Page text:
One for the Dark Lord on his dark throne
In the Land of Mordor where the Shadows lie.
One Ring to rule them all, One Ring to find them,
One Ring to bring them all and in the darkness bind them. –from The Lord of the Rings by J.R.R. Tolkien
The Lord God took the man and placed him in the garden of Eden to work it and watch over it. And the Lord God commanded the man, “You are free to eat from any tree of the garden, but you must not eat from the tree of the knowledge of good and evil, for on the day you eat from it, you will certainly die.” Genesis 2:15-17(HCSB)
Two things were common in the area of western Pennsylvania where I grew up: farms and coal mines. One did not need to travel far from town to find a herd of cows leisurely grazing in a field. Little did they realize that the fences surrounding them served as signs of their impending doom. The day would arrive soon enough for the butcher to do his deadly work.
Abandoned coal mines were less abundant, but still easy to find—especially by curious teens. On one occasion, some friends and I discovered an abandoned mine on the hill behind my Uncle Johnny’s house. Carved into the side of a hill, we could have walked right into the mine shaft. Although tempted to do so, enough wisdom had somehow seeped into our teenage male brains to prevent us from going further. Old coal mines have unstable ceilings—if not for a brief moment of good judgment, writing this book would have been nothing more than unfulfilled potential!
Thankfully, most abandoned mine shafts had fences. Those boundaries, however, served a very different purpose than the ones around the cow pastures. Rather than keeping captives, they were intended only to keep us safe. Such is the nature of the only restriction given by God in the garden of Eden. Its sole purpose was to keep the inhabitants of the garden safe from harm.
God alone is free to do whatever He wants; His only boundaries are self-imposed. Humans, on the other hand, are finite creatures. If we transgress the oxygen boundary, for example, we suffocate. If we attempt to escape gravity, we may fall to our deaths. If we go without sleep for any length of time, our bodies suffer greatly. Boundaries are necessary for our well-being. Any difficult wilderness journey will become all the more grievous if we transgress these God-given lines.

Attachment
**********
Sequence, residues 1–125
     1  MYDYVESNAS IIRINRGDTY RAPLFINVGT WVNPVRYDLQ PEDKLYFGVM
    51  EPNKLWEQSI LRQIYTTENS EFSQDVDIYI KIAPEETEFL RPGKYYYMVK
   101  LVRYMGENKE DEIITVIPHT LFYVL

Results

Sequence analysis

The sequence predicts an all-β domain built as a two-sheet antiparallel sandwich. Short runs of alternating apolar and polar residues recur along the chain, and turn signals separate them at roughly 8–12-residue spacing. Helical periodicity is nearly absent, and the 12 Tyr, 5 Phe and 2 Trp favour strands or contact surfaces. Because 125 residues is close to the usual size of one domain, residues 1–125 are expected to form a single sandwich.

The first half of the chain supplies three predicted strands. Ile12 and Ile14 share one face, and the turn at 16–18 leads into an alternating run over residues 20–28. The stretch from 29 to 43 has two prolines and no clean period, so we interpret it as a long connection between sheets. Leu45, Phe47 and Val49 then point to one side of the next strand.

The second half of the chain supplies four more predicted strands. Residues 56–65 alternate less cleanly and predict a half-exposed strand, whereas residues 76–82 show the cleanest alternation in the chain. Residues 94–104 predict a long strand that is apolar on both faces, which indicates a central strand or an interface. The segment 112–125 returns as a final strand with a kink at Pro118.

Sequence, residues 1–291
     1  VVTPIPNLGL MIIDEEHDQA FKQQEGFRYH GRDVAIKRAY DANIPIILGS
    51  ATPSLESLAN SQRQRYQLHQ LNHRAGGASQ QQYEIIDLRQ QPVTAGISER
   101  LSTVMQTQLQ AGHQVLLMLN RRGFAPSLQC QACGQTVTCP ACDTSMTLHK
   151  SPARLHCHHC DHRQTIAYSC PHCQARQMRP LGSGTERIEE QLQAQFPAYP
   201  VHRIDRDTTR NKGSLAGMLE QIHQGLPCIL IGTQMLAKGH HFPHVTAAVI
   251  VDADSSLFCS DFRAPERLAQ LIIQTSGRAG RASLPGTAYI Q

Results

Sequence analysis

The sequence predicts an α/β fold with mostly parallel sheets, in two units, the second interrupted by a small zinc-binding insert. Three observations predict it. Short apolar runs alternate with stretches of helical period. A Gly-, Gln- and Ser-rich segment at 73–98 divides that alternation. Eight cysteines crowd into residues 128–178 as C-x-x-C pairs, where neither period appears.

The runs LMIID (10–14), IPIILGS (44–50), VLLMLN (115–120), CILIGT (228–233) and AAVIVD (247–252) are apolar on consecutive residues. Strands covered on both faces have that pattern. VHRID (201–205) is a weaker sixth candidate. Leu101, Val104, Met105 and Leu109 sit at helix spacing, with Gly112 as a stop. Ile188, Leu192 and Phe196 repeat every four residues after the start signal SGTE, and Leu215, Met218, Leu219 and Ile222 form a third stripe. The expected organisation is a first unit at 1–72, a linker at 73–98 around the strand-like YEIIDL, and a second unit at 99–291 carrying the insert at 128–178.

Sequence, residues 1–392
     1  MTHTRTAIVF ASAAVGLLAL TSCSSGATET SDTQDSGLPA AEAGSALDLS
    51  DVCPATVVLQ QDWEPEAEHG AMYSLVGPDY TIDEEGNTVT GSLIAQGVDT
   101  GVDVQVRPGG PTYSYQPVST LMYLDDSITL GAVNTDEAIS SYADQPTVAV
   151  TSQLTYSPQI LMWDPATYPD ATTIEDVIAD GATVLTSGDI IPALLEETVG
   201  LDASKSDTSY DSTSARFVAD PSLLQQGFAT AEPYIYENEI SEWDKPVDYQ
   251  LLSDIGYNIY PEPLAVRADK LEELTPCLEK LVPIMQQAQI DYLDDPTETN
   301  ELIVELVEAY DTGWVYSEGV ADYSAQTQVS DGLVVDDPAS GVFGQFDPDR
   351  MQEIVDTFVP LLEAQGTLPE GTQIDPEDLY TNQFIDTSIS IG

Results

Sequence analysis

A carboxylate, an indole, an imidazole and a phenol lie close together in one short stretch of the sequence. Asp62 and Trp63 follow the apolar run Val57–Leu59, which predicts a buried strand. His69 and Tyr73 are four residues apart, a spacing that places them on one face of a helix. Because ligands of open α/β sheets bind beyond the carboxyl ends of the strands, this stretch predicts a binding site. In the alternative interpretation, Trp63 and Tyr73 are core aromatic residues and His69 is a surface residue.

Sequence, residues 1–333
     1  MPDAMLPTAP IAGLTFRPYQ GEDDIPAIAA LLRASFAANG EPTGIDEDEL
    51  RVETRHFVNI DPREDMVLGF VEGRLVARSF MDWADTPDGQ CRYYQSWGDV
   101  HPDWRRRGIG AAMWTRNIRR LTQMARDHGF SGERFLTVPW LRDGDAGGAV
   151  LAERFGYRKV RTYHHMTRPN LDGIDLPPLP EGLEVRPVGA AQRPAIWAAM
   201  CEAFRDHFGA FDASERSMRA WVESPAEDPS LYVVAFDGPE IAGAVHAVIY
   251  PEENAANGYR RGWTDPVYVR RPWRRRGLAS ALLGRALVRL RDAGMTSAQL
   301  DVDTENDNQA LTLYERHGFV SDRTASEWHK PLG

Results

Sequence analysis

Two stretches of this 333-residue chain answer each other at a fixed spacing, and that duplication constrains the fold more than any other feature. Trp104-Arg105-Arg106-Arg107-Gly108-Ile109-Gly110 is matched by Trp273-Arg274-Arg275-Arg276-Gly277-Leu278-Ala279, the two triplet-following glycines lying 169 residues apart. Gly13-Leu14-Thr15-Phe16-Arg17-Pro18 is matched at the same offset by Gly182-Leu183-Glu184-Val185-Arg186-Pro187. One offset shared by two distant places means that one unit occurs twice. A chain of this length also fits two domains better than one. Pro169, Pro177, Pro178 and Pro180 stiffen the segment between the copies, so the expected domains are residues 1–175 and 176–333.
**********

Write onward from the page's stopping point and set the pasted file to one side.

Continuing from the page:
It’s All about Control
Because our Creator is amazingly wise and powerful, He doesn’t need to directly control others to accomplish His will. Fallen angels (demons), on the other hand, are limited in wisdom, power, and authority. Possessing an incessant lust for power that finds fulfillment only through the domination of others, they always seek to control all that surrounds them in order to get what they want.
Unfortunately, because Adam and Eve obeyed the voice of the serpent rather than God, they and their descendants inherited the same controlling tendencies of Satan and his demons. More problematic still, is the fact that in seeking to have our own way, humans play into Satan’s hands, serving only as naïve pawns in his destructive game.
A Lesson from Tolkien
Through his imaginative fantasy, The Lord of the Rings, J.R.R. Tolkien brilliantly portrayed a host of Biblical realities in creative form. Real life, the sage Tolkien understood, is but a nonstop battle for control that plays itself out in unfamiliar wilderness territory. And our options, it seems, are only two. We either wisely surrender our human wills to the will of God, or we seek control for ourselves, foolishly playing into Satan’s schemes.
To put this issue into Biblical language, we fully embrace God’s kingdom rule, or we become hapless and disposable subjects in the kingdom of darkness. Those who try to control the circumstances of their lives and the people around them will soon find themselves traversing a barren spiritual wilderness, isolated from His loving presence.
The Wisdom of Boundaries
Why do we need boundaries? Not to constrain us, but to keep us safely within the territory of God’s kingdom. No matter what area of life we consider, controlling spirits of one form or another will always arise as they seek to dominate and destroy. A primary responsibility of every Christian, then, is to live and lead in such a way as to facilitate the advance of God’s kingdom—to the exclusion of that which seeks to control.
The battle is deceptive, ferocious, and at times unpleasant. We, therefore, must be wise and vigilant to draw boundary lines to protect us, our families, and our ministries from the controlling tendencies of man and devil.
This post is drawn from Chapter Twenty-Nine of Bob’s devotional: Champions in the Wilderness—Fifty-Two Devotions to Guide and Strengthen Emerging Overcomers